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Saturday, January 24, 2009

Different ways of achieving "life's purpose"

Thanks to Chuck Nyren for telling me about research from MetLife Mature Market Institute (MMI) that investigates the role that ‘purpose’ has in determining the lives of older people. The research was based on interviews with more than 1,000 Americans between the ages of 45 and 74. When you read the next article you might think the main 'purpose' is trying to find a job.

I am a sucker for new segmentation models. MMI deduces that older people’s attitude towards their life ‘purpose’ divides into five segments as follows.

Balanced Givers are the largest segments (33% of the sample) who tend to focus more on those activities which emphasise helping others, as well as doing things that matter to them personally. Some activities include helping to make things better for others and using their abilities to accomplish meaningful goals and activities for themselves.

Meaning-Minded is another large segment that focuses more time on activities such as being with friends and family, enjoying their surroundings, and enjoying personal interests, the core activities defining the Good Life, but also emphasizing spiritual involvement for their minds and souls.

Balanced Individualists tend to allocate more importance to activities that focus on personal interests. For example, taking care of their physical selves and enjoying personal interests. They feel that Meaning-related activities are still important, but less so than the Meaning-Minded and somewhat more so than Balanced Givers.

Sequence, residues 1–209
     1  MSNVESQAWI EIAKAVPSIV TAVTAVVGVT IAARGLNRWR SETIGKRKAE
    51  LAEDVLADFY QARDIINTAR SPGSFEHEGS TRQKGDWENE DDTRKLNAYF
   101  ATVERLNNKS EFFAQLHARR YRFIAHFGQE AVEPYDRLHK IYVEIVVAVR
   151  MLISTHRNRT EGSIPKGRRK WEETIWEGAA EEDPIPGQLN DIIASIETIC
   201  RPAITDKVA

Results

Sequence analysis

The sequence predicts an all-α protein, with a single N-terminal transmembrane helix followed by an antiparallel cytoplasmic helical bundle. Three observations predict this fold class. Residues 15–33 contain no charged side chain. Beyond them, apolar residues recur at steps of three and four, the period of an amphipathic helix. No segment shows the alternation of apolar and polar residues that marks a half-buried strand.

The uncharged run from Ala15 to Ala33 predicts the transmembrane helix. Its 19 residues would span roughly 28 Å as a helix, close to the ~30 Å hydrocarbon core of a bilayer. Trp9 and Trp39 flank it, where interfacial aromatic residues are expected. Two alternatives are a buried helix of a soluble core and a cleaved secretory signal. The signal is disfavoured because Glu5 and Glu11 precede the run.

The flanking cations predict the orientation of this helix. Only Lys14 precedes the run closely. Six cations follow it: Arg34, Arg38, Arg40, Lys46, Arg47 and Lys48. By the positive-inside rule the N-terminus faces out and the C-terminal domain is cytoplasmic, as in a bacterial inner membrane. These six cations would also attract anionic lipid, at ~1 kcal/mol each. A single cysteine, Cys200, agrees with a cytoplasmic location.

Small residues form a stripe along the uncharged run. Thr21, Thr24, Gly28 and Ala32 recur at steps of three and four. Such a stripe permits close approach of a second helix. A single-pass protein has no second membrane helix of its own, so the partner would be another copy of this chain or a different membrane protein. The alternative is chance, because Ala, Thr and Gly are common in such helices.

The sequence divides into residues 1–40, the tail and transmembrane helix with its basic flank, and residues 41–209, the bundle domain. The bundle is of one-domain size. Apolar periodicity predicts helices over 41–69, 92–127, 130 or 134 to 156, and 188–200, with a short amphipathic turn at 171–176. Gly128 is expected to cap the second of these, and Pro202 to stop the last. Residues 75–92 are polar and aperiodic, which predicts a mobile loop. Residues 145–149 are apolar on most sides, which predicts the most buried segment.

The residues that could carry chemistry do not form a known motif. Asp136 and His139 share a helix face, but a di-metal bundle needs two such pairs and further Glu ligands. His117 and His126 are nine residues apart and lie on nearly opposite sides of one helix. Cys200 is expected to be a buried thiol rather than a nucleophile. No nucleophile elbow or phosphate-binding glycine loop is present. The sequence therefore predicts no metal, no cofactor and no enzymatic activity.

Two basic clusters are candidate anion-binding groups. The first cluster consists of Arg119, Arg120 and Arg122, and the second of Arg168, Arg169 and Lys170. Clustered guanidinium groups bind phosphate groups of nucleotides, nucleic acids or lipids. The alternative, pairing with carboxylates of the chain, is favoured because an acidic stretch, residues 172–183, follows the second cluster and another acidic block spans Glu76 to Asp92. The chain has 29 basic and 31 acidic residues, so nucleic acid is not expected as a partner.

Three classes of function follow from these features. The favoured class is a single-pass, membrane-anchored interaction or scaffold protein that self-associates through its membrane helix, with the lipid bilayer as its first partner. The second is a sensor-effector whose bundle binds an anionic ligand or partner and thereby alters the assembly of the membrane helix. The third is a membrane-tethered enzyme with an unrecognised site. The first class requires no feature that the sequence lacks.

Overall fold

Financially Focused spend considerable attention and energy on activities like building income, improving their salaries, and increasing their net worth, with much less attention to activities enhancing meaning and purpose in themselves or in their communities.

Hyper-Individualists concentrate primarily on their own needs and activities in comparison to activities with family, their spiritual lives, or their communities.

The report gives a lot of detail about each of these segments. The difference in the attitudes between the groups, especially the Hyper-individualists and the Meaning –Minded, demonstrates the futility of treating older people as a homogenous whole.

The report also provides research about how ‘purpose’ differs by age. Nothing surprising in this analysis although I wonder what effect the recession will have on the responses to questions related to assets and income. Well done MMI, a useful contribution to our understanding of the older consumer. Dick Stroud

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